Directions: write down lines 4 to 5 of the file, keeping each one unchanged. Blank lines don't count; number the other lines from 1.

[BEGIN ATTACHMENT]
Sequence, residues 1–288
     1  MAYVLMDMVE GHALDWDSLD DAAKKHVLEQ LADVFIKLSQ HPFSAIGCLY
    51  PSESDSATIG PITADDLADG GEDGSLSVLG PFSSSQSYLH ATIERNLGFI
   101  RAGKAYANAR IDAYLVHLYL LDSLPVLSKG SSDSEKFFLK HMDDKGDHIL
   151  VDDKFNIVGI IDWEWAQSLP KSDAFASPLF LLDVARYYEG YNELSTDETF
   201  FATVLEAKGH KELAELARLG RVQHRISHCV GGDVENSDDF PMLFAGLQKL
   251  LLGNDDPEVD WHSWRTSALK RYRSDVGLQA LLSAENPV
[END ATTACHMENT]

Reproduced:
   101  RAGKAYANAR IDAYLVHLYL LDSLPVLSKG SSDSEKFFLK HMDDKGDHIL
   151  VDDKFNIVGI IDWEWAQSLP KSDAFASPLF LLDVARYYEG YNELSTDETF